In the News

Researchers from the Norwegian University of Science and Technology are urging doctors to be on high alert for early signs of a smaller-than-average baby developing in a mother with preeclampsia, a condition characterized by high blood pressure and protein in the urine. They discovered that children born smaller than usual that were also moderately preterm – between 32 to36 weeks – or very preterm – less than 31 weeks – to a mother who experienced preeclampsia are at significantly increased risk, 20 fold, of being diagnosed with cerebral palsy.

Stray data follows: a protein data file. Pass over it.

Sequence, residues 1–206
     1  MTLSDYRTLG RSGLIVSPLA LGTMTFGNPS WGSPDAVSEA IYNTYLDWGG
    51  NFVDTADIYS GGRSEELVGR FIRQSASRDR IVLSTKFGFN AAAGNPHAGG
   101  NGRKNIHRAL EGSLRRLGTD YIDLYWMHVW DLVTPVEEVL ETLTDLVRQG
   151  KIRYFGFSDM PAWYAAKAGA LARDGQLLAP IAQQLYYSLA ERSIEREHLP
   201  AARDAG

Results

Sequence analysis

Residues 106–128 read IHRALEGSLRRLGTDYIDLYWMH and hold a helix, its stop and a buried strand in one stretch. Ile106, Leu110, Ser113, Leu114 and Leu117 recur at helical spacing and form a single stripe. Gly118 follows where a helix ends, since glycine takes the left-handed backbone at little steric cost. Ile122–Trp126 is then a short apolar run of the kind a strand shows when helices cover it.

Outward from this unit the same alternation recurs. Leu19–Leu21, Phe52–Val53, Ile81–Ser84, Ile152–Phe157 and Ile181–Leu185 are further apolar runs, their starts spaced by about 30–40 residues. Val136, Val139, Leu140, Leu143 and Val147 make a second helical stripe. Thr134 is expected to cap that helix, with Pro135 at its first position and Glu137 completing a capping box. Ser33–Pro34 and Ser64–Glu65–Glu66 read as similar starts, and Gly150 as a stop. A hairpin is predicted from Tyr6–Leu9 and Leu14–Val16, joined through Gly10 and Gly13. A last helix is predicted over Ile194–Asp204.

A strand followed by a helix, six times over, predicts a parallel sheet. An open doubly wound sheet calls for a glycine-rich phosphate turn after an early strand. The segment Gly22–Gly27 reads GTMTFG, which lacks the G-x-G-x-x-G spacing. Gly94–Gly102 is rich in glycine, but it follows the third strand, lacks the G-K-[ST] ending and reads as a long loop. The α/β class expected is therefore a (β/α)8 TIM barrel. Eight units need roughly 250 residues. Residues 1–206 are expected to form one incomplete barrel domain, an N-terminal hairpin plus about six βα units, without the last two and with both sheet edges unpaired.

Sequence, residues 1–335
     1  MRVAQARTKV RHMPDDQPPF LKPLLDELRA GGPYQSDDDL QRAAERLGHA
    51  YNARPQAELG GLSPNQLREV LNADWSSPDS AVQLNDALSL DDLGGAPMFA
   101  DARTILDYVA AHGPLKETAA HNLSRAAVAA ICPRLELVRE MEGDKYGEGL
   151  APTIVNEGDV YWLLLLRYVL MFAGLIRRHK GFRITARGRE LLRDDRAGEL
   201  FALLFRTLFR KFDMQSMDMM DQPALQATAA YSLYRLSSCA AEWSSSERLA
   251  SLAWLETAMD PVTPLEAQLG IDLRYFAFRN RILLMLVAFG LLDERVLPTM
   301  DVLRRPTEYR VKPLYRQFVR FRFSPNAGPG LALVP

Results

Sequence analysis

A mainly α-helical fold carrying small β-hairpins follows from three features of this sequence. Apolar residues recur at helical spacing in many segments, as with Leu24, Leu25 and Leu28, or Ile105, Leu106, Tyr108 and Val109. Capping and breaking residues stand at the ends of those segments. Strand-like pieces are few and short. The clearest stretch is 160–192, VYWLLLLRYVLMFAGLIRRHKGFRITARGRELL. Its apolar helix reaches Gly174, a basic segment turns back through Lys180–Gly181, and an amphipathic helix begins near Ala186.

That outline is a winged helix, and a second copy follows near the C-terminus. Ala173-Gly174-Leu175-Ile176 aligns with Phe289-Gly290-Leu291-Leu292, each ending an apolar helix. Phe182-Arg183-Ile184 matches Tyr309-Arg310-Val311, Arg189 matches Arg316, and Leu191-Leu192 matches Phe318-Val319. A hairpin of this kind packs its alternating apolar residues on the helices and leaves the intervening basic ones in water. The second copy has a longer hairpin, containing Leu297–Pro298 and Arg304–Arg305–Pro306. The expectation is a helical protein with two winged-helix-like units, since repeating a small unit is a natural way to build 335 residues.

Among full-term babies, those born at normal size to a woman with preeclampsia didn’t appear to be at increased risk, while those born small for gestational age to a woman with preeclampsia were at an increased risk, 3 fold, says the study published July 9, 2013 in BMJ. Preeclampsia is a medical condition that presents with high blood pressure and significant amounts of protein in the urine of pregnant women. For the study researchers studied 849 singleton babies with cerebral palsy and 616,658 singleton children without, who survived the neonatal period during 1996 to 2006.

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